Despite all we know about the environment and what we are doing to it, Kim arrives at another, less palatable realization: As much as we call the Earth our home, we are strangers here.
Perhaps these paintings are what it feels like for the artist to be in a state of not being harried, anxious or in deep existentialist dread.
Andy Goldsworthy’s installation seeks to signal anti-imperialism at a notoriously capitalist site.
At the Aldrich Contemporary Art Museum, artworks confront their own untimeliness through appeals to a deeper, more cosmic, sense of space and time.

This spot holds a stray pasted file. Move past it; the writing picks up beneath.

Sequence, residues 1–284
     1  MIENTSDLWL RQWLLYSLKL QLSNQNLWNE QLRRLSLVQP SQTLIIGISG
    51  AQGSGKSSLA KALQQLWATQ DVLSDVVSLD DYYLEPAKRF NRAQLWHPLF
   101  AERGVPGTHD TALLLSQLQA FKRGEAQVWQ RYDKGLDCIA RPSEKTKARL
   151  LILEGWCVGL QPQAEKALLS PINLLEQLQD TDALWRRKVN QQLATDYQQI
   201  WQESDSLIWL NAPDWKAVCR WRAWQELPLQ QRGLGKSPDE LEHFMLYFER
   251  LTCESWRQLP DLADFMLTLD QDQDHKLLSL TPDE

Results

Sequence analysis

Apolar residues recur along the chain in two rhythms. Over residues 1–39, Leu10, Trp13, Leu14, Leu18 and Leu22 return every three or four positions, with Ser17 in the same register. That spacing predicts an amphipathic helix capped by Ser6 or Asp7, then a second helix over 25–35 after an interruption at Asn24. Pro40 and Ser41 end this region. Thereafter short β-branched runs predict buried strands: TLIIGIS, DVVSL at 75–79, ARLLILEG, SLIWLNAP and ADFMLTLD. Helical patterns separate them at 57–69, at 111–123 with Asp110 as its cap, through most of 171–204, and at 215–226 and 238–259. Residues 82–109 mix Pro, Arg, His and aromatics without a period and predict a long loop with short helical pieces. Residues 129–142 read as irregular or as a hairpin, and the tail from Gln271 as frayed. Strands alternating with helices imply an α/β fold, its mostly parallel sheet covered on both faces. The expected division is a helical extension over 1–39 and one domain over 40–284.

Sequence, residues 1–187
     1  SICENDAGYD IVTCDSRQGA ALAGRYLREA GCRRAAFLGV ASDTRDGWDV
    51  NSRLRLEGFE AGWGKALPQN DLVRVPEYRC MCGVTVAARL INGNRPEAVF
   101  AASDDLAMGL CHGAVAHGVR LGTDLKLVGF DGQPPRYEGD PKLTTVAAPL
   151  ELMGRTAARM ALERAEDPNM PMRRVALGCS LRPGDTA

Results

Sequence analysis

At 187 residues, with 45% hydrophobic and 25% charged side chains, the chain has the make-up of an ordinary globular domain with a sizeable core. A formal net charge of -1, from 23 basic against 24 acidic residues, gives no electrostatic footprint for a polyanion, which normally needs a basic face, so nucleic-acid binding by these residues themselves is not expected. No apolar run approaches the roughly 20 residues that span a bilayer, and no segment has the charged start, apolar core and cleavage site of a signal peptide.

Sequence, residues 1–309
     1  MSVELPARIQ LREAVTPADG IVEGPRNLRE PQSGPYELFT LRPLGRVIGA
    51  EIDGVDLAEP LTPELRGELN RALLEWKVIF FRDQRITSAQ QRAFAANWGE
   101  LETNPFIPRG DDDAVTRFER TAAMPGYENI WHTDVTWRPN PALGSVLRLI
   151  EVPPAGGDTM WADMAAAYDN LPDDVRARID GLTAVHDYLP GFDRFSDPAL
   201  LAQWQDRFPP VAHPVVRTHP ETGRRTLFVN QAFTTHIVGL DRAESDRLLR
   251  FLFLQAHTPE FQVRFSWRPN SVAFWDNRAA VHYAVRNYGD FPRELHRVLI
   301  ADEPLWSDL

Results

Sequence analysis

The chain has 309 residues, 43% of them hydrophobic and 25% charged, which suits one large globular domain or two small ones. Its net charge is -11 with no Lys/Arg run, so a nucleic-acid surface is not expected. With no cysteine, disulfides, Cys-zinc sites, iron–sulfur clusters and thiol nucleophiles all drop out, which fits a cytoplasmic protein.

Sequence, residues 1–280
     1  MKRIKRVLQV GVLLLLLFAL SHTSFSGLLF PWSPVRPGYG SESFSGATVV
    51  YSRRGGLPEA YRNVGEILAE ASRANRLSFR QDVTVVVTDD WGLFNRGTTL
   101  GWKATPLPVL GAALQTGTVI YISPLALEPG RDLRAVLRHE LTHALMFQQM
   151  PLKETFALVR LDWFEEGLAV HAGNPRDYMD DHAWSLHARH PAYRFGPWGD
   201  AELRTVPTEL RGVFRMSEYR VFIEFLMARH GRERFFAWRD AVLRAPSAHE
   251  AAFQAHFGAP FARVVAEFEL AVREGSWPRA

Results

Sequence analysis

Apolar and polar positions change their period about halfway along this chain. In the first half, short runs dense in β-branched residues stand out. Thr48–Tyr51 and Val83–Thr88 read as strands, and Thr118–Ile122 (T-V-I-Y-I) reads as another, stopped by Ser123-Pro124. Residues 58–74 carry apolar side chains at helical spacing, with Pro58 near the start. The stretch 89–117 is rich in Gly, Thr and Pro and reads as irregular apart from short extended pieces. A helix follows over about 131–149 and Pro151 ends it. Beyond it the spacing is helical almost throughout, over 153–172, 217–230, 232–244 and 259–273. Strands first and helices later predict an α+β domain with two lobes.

Byron Kim’s diaristic texts offer a bird’s-eye view of his life — the youth soccer games, the dinner parties, the glum and the optimistic moods, the children going away to college.
The exhibition at Invisible Exports, Cheap Suitcase, reflects on how the body is a record of a singular life, but also a random palimpsest of whatever genetic heritage one has.
In his new series at James Cohan Gallery, Mud Root Ochre Leaf Star, Byron Kim paints bruises that radiate tenderness and hurt.